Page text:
A Delhi court on Tuesday accepted the fresh supplementary chargesheet filed by the Delhi Police against student activists Umar Khalid, Sharjeel Imam and Faizan Khan in connection with the violence that broke out in North East Delhi in February, reported PTI.
Additional Sessions Judge Amitabh Rawat said there was sufficient material to proceed against the accused, all of whom have been charged under the stringent Unlawful Activities (Prevention) Act in what is known as the Delhi riots conspiracy case. They have also been booked under the Arms Act, and Prevention of Damage to Public Property Act.
While the court decided to proceed Khalid, Imam and Khan for the offences under the Unlawful Activities (Prevention) Act, it did not take cognisance of the offences of sedition, criminal conspiracy and “some other charges” under the Indian Penal Code as certain “sanctions were awaited”.
Judge Rawat, therefore, took cognisance of the offences under sections 13 (unlawful activities), 16 (terrorist act), 17 (raising funds for terrorist act), 18 (conspiracy) of the UAPA. The accused have also been chargesheeted under sections 147 and 148 (rioting), 149 (unlawful assembly), 186 (instructing public servant), 201 (disappearance of evidence) of the Indian Penal Code.
The court further took cognisance of offences under sections 212 (harbouring offender), 295 (destruction of place of worship), 302 (murder), 307 (attempt to murder), 341 (wrongful restraint), 353 (assault to deter public servant), 395 (dacoity), 419 (cheating), 420 (cheating), 427 (mischief), 435 (mischief by fire), 436 (mischief by fire), 452 (house trespass), 454 (house breaking), 468 (forgery), 471 (using forged document as genuine) and 34 (common intention) of IPC and under relevant sections of the Arms Act and Prevention of Damage to Public Properties Act.
The court directed the police to give soft copies of the supplementary chargesheet to the counsel for the accused on December 2. However, it did not allow them to submit physical copies to the accused.
The matter has been listed for further hearing on December 22.
In the 200-page chargesheet filed on Sunday, the Delhi Police alleged that Khalid had “remotely controlled” the riots that had killed 53 people. The former Jawaharlal Nehru University student allegedly orchestrated the violence during the visit of United States President Donald Trump’s visit. The aim of the protests was to attract international attention and put pressure on the “anti-minority” Citizenship (Amendment) Act, the chargesheet said.
The police report claimed that Khalid fostered “nationwide alliances with like-minded people” after the new citizenship law was approved by the Cabinet. He allegedly mentored a group called Muslim Students of JNU with Imam’s help, the police said in the chargesheet.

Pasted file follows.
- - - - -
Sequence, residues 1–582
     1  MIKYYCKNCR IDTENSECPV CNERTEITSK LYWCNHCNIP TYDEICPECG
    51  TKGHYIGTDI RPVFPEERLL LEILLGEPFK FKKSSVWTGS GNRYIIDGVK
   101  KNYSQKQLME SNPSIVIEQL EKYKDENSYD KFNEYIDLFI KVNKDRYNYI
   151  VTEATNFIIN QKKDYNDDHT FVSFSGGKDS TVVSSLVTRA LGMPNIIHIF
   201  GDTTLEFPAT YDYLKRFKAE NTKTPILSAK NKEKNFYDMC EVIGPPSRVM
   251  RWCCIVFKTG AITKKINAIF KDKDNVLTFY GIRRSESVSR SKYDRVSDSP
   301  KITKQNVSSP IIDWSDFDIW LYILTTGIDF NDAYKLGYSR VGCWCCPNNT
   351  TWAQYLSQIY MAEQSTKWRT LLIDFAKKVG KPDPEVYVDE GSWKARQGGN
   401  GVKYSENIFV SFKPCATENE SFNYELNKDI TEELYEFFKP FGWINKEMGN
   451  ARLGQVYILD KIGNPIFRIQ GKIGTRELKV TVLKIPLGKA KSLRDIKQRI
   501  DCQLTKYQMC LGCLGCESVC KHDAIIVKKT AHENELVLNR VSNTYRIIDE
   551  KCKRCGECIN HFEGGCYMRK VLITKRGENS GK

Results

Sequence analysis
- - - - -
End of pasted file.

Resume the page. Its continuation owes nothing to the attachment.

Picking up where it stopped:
The police added that Khalid had identified Chand Bagh and Jafrabad as the main spots from where the riots “would be precipitated”. The Delhi Police’s Special Cell claimed to have evidence of a meeting of Khalid’s aides where it is alleged that he outlined the violence.
In September, a case of rioting was registered at the Khajuri Khas Police Station in which 15 people, including suspended Aam Aadmi Party Councillor Tahir Hussain, were arrested. All the 15 have been accused under sections of Unlawful Activities (Prevention) Act, the Indian Penal Code and Arms Act. This 17,000-page chargesheet, filed at Karkardooma court, does not have Khalid and Imam’s names as accused in the Delhi riots case.
Delhi violence and the investigation
Khalid was arrested under the UAPA in September in the conspiracy case. The Delhi Police arrested Imam under the Unlawful Activities Prevention Act on August 25 for his alleged role in inciting the February violence. Imam was booked for allegedly delivering inflammatory speeches against Citizenship Amendment Act and National Register of Citizens in December last year and charged under the UAPA in April.
Faizan Khan was arrested on July 29, and there are allegations of him being a part of the conspiracy that caused the riots. He had allegedly supplied and activated a SIM card that was registered fraudulently in the name of Abdul Jabbar. The SIM was, however, used by another accused in the Delhi violence case, Safoora Zargar.
Clashes had broken out between the supporters of the Citizenship Amendment Act and those opposing it between February 23 and 26 in North East Delhi, killing 53 people and injuring hundreds. The police were accused of either inaction or complicity in some instances of violence, mostly in Muslim neighbourhoods.
The Delhi Police claim the violence was part of a larger conspiracy to defame Prime Minister Narendra Modi’s government and was hatched by those who organised the protests against the amended Citizenship Act. They further claimed the protestors had secessionist motives and were using “the facade of civil disobedience” to destabilise the government. The police have arrested several activists and students based on these “conspiracy” charges.